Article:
By Larry Ray / The Rag Blog / January 30, 2009
There is great speculation that GOP house minority leader John Boehner is getting progressively darker and darker because he spends so much time on his hidden Capitol office tanning bed. But others opine that his conservative rhetoric is getting so burned out he has become a walking, nay-saying human rotisserie.
Boehner is like a talking toy that repeats the same thing over and over when you pull its string. His string became more available for regular pulling after he campaigned to clean things up after the Jack Abramoff lobbying scandal hastened Tom DeLay’s departure. In spite of Boehner’s own links to Abramoff, he became House Majority Leader in 2006. And he has used his higher profile position to oppose anything not ultraconservative ever since. Some typical examples:
- Voted NO on regulating the subprime mortgage industry. (Nov 2007)
- Voted YES on restricting bankruptcy rules. (Jan 2004)
- Voted NO on tax incentives for energy production and conservation. (May 2008)
- Voted YES on passage of the Bush Administration national energy policy. (Jun 2004)>
- Rated 0% by the Campaign for America’s Future, indicating opposition to energy independence. (Dec 2006)
- Voted NO on assisting workers who lose jobs due to globalization. (Oct 2007)
- Voted NO on protecting whistleblowers from employer recrimination. (Mar 2007)
- Voted YES on limited prescription drug benefit for Medicare recipients. (Nov 2003)
And these examples are just a quick skim off the top of Boehner’s “to hell with the average working American” vision for our nation. Now that he and his conservative cohorts have been forced to pull back from the private trough from which they have gorged themselves for the past eight years, Boehner still doesn’t get it.
His strident opposition to “spending taxpayer dollars for a trillion dollar bailout” suggests he has no knowledge of the crippling recession and subsequent damage Japan suffered in the 1990’s. Their conservative leaders opposed vigorous, massive and immediate governmental action after their spectacular market crash. Japan learned too late that conservative tight-fisted refusal to act aggressively and immediately with massive governmental cash infusions would lead to a grinding recession so severe that it would take more than a decade to recover.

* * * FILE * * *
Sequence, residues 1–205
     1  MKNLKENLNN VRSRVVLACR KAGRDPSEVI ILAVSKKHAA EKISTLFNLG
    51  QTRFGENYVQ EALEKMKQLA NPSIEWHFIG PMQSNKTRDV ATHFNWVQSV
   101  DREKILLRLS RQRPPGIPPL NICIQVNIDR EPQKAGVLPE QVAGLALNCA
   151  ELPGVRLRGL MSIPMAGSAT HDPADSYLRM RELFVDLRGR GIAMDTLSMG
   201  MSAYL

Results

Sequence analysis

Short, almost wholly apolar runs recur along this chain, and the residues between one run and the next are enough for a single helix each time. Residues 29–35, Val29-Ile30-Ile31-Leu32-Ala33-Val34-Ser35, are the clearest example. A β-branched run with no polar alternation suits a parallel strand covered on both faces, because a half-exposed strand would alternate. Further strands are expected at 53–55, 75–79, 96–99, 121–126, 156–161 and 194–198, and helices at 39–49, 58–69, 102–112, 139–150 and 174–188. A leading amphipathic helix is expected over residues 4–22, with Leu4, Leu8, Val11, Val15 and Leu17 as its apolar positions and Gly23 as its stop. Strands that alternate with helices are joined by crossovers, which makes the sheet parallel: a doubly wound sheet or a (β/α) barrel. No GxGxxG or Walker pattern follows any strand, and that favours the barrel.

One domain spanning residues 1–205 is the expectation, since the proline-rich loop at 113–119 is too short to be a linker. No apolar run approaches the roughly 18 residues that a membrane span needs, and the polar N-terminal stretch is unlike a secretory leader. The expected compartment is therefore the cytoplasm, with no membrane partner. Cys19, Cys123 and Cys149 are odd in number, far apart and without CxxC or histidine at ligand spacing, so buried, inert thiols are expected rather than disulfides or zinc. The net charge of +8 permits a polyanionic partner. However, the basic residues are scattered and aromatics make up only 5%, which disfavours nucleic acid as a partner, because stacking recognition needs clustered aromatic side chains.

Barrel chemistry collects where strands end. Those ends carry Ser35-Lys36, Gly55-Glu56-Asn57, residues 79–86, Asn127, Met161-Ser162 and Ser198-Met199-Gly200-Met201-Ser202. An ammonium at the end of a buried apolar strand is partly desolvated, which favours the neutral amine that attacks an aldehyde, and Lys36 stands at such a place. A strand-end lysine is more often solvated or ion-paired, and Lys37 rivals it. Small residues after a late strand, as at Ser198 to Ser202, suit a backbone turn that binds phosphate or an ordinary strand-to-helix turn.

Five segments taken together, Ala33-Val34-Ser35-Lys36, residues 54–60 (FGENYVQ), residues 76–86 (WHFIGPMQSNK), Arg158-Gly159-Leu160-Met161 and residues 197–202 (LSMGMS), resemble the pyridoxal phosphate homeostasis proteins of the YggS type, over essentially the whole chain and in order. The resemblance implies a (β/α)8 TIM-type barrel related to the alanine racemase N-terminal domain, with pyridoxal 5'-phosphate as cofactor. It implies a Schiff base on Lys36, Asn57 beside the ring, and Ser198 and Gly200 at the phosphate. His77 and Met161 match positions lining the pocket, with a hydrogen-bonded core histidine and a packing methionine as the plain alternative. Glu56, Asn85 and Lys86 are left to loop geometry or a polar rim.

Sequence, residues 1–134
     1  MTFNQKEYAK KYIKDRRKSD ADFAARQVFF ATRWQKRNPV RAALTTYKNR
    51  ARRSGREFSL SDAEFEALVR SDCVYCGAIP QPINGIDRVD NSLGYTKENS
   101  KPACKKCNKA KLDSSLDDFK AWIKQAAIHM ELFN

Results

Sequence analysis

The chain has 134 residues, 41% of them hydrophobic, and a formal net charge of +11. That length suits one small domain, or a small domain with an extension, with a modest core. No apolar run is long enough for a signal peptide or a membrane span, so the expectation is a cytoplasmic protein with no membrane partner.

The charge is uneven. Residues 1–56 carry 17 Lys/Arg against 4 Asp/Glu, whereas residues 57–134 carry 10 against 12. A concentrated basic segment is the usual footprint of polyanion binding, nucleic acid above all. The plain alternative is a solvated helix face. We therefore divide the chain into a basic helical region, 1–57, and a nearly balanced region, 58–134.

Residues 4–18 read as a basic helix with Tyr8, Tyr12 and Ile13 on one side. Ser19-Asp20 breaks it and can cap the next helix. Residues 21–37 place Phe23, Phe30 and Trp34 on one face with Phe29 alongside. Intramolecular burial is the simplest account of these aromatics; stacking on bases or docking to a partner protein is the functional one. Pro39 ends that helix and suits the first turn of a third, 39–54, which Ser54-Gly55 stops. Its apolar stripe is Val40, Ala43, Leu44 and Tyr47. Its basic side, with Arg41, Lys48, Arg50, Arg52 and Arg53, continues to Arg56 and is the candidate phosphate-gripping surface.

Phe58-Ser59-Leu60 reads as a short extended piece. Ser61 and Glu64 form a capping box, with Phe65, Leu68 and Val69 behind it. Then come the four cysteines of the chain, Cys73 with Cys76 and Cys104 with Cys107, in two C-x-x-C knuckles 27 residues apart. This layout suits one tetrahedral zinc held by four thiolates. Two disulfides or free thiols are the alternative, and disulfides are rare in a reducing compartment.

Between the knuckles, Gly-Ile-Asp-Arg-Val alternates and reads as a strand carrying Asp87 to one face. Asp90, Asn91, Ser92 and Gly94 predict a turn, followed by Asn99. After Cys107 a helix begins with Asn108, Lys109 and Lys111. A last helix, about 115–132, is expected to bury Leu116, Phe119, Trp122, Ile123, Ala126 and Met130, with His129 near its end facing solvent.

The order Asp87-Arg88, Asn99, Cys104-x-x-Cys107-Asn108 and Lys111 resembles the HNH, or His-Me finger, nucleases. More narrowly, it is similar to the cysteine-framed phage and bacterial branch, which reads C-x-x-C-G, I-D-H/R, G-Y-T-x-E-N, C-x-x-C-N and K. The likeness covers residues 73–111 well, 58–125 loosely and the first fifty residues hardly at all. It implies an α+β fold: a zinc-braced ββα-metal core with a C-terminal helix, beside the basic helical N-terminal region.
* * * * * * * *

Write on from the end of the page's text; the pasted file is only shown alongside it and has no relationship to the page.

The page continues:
Boehner represents a dwindling base of conservative Republicans now mostly concentrated in a block of Southern States. The Republican National Committee now clearly seeks to change and expand that base after an historic election of their own. The new RNC has just elected their first ever African American chairman. Michael Steele, after six grueling ballots, beat out top white contenders, including Katon Dawson, who even quit his whites-only country club membership for a shot at the position.
The RNC’s first black chairman was elected though he was not even a RNC committee member, which almost never happens. The mood for change was so strong that Tennessee Republican Party Chairman, Chip Saltsman, the boob who mailed out the “Barack the Magic Negro” music CD’s to fellow Republicans for Christmas, didn’t even make the ballot.
So maybe Chairman Steele will have John Boehner in for a private sit-down real soon and a chat about a wider Republican vision for all of America that could actually allow true civil, bipartisan political discussion. And who knows, maybe Boehner will unplug his tanning bed and no longer think he has to be the darkest-skinned Republican mouthpiece. Chairman Steele is now the real deal.
[Retired journalist Larry Ray is a Texas native and former Austin television news anchor. He also posts at The iHandbill.]